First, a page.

Has the SNP peaked?
Can Alex Salmond walk on water indefinitely, or is he about to sink under the weight of his own ego and his links to Rupert Murdoch? As Scotland's voters go to the polls today in the local elections (well, a few of them anyway) the question on everyone's mind will be: is the SNP slipping, has the magic gone, is Alex Salmond mortal after all?
Expectations were high, stratospheric even, following last year's Holyrood landslide for the SNP. If the Nationalists don't take Glasgow and Edinburgh tonight then the commentators will be saying it's the beginning of the end – even if it isn't. Glasgow is a big ask, and Labour has poured effort into saving its citadel. My own view is that Scotland's love affair with Alex Salmond hasn't ended yet, though the relationship could do with a bit of counselling.
Now, I should of course be stressing here that local elections are supposed to be about local issues: refuse services, potholes, local sleaze, trams and so on. But they rarely are. The electoral system anyway makes it very difficult to vote on local issues because PR generates shifting coalitions. How do Edinburghers express their fury at the trams fiasco when all the main parties are implicated one way or another, with the exception of the Tories perhaps? In the absence of elected mayors – identifiable, buck-stopping civic personalities like Ken and Boris in London – local voters tend to use their votes to pass a verdict on the state of the national government.
All governments lose political momentum eventually: the media gets bored, scandals start chipping away at the leader's credibility, voters start to blame the government for economic misfortune. And by rights this should be happening to the SNP. The Scottish Government is no longer driving the legislative agenda. Indeed, right now it's difficult to say what the SNP Government is there for other than to prepare the ground for the independence referendum in 2014.
It was very different at this stage in the last parliament when hyperactive SNP ministers were busy replacing PFI, saving accident and emergency units in hospitals, abolishing charges on things like prescriptions and bridges. The 2007 SNP administration had moral purpose coming out of its ears – condemning the war in Iraq, opposing nuclear weapons in the Clyde, tackling climate change and introducing the toughest CO2 emissions targets in the world. Latterly it defined itself through opposing university tuition fees, promoting growth in favour of austerity and legislating for minimum pricing on alcohol.
It was that sense of purpose and conviction that allowed the SNP to sail through the 2008-10 financial crisis largely unscathed, even though Alex Salmond had been far too close to individuals such as Fred Goodwin and had been allowing his speeches to sound like press releases from RBS. Labour has never understood why it got a lot of the blame for the financial collapse and yet gained none of the credit for the banking rescue which was organised by a Labour Chancellor, Alistair Darling. Why hasn't Mr Salmond been tainted forever as the bankers' little helper?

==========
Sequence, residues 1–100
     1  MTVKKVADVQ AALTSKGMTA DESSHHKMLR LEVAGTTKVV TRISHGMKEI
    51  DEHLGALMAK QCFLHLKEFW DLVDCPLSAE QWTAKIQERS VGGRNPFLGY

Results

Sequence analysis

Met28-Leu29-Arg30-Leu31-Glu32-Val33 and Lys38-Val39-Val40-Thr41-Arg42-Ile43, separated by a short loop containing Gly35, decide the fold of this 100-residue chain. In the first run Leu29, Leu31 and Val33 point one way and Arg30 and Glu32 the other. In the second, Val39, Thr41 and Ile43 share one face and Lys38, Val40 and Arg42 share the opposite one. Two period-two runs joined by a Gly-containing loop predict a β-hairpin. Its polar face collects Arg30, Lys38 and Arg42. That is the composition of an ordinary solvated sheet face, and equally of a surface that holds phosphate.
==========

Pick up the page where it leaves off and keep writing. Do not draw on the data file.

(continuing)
Only now has Labour begun to develop a narrative that revisits the banking crisis and seeks to put the SNP leader, retrospectively, in the frame. Alex Salmond, say Labour, is over-enamoured of rich men. Look at the way he volunteered to lobby for Rupert Murdoch on his bid to take over BSkyB? Look at how eager he was, initially at least, to back loud-mouth Donald Trump's golf-and-property deal on the Menie Estate? How he has accepted large sums of money from Brian Souter, the fundamentalist Christian who bankrolled Keep the Clause. Alex Salmond, say Labour, is a soft touch for any plutocrat who offers a donation or favourable treatment in the press. Look how he is refusing any inquiry into phone hacking in Scotland, and insisting it should be left to Leveson in London.
Labour is on the right lines here. It hooks into suspicions that Salmond has too much control over his party, parliament and the country. Don't let him dominate local government as well, warn Labour. However, though plausible, the message is premature and fails the "yes, but" test. After all, is it not Labour that has controlled Glasgow for the last 80 years, with uninterrupted rule for the last 32? If ever there were a need for a change, it might seem to be in Scotland's largest city, where the Labour years have recently been defined by scandal, division and indifferent governance.
The SNP's group leader, Allison Hunter has rather queered the pitch by suggesting that Glasgow is just a "stepping stone" to independence. But I suspect that uppermost in the minds of many who vote today will be the desire to see change in the way the city is run, and installing a new SNP broom is the best available option. Moreover, most voters accept that First Ministers have to deal with rich individuals like Murdoch and that Labour are hardly in a position to criticise, since they've been in bed with Rupert Murdoch too. Tony Blair flew halfway around the world in 1996 to appeal for the support of the Sun King.
So, I don't expect to be pronouncing the beginning of the end for the SNP tomorrow, but there is a definite air of drift. Alex Salmond is still a hugely popular leader, but his weaknesses are becoming exposed as his government struggles to define itself in the second term. Being the party of the referendum is all very well, but the SNP must always remember that Scots didn't vote for them because they wanted independence, but because they wanted a better government in Holyrood.
There is a huge risk in appearing to follow leaders such as Tony Blair and David Cameron into the arms of Rupert Murdoch. It may not be an issue on the doorsteps but that doesn't mean people are happy with the First Minister appearing to lobby for the newspaper tycoon. Rightly, they expect better.
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